The article sets forth Ronald Dworkin’s efforts to avert the slavery of the talented within his theory of equality, so that they are not forced to work full-time at one type of job, but then criticises Dworkin for failing to apply similar concerns to not so talented workers. It argues that he overlooks the problem of the slavery of the not so talented that results from the tough rules he proposes for dealing with insurance payouts. Finally, it tries to show how this unfairness can be avoided with a better interpretation of the likely outcome of his hypothetical insurance experiment given a better understanding of the motivations of parties operating within that experiment.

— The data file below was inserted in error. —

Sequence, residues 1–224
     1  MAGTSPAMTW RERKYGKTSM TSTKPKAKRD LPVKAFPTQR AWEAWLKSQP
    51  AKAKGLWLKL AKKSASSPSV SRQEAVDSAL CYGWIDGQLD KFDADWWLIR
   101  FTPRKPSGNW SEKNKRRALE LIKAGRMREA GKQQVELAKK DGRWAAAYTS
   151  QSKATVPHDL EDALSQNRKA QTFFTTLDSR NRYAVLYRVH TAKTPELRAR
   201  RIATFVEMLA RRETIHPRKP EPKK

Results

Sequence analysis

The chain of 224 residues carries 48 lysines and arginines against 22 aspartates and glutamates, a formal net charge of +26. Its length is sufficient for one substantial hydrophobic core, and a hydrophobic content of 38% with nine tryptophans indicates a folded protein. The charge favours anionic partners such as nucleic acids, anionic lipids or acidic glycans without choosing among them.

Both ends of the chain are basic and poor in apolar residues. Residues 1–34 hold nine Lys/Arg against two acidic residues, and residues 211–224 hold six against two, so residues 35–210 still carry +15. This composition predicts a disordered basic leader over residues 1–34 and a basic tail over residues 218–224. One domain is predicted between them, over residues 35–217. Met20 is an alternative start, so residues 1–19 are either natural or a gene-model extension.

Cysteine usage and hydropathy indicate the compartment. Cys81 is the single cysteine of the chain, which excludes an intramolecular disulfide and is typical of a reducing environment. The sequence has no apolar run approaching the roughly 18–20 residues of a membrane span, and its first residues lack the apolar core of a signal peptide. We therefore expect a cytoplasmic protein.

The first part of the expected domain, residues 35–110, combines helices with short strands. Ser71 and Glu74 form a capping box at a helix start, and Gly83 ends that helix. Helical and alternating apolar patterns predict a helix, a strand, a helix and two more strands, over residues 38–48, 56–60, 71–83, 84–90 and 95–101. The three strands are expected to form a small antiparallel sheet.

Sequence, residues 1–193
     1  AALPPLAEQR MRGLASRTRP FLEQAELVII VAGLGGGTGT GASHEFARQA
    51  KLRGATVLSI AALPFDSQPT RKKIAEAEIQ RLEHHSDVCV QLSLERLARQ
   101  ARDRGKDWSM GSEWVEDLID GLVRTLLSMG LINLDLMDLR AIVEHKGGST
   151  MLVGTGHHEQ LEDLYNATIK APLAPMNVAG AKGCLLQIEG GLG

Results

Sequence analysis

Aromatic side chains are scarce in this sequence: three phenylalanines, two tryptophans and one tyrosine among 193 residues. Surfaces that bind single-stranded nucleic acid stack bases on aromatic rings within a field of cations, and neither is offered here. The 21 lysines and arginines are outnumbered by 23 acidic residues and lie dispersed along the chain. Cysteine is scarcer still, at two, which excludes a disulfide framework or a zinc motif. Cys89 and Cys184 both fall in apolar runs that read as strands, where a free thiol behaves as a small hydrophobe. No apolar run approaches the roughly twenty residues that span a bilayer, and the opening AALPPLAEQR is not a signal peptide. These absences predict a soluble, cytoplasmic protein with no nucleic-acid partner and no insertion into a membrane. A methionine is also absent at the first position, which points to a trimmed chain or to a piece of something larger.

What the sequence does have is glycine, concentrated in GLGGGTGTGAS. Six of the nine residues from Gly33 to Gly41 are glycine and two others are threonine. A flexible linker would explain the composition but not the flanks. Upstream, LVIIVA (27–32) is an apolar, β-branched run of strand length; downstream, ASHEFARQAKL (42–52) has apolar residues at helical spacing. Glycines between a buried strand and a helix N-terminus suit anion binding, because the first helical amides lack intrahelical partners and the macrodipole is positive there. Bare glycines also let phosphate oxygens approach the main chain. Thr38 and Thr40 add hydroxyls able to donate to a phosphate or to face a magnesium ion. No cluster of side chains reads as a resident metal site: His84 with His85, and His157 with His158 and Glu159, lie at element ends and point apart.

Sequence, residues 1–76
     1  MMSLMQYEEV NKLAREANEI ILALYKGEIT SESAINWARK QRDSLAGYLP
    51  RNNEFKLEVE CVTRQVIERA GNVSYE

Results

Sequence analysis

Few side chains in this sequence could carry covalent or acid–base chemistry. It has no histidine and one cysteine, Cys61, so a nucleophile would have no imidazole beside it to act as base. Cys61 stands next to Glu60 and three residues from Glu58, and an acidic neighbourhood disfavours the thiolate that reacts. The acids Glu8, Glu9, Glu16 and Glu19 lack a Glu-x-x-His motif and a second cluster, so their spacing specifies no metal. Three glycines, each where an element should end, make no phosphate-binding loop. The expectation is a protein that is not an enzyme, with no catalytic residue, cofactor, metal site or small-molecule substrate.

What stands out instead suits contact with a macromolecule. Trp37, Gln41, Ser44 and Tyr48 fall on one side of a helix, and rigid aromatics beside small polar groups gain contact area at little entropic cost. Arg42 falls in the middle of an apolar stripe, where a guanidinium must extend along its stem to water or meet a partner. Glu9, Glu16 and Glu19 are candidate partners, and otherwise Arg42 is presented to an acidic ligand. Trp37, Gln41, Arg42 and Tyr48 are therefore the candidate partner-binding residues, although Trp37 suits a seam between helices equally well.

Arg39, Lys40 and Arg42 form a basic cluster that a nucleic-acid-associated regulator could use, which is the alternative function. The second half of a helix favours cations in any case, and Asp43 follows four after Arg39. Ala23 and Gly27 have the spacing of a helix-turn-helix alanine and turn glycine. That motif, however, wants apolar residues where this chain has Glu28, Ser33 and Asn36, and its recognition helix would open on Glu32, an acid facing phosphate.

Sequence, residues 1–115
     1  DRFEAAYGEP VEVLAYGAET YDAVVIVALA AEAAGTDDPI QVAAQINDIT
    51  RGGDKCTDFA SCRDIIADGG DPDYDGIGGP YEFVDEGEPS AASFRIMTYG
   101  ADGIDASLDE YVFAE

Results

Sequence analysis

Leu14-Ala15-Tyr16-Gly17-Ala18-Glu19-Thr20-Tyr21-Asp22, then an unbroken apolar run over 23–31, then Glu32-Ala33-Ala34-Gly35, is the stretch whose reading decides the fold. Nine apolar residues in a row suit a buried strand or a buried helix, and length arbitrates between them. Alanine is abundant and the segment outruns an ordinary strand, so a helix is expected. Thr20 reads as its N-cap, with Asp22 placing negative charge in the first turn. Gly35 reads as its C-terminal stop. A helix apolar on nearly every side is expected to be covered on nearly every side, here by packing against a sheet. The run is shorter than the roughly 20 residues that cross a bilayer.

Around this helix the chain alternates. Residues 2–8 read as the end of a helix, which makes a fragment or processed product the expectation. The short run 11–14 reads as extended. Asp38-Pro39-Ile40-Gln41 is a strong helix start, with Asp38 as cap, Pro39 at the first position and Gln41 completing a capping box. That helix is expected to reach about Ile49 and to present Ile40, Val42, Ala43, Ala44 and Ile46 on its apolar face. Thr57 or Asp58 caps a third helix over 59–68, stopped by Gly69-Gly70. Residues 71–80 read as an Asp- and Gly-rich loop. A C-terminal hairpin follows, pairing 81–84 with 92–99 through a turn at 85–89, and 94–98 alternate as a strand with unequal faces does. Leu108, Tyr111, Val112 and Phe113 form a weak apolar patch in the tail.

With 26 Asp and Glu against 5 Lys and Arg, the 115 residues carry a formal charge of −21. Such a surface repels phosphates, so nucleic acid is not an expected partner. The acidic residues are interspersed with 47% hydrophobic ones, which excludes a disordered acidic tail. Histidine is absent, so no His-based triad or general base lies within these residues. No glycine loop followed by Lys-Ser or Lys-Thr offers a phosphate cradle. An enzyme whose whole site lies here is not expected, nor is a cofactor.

|Number of pages||12|
|Journal||Ethical Theory and Moral Practice|
|Publication status||Published - 2011|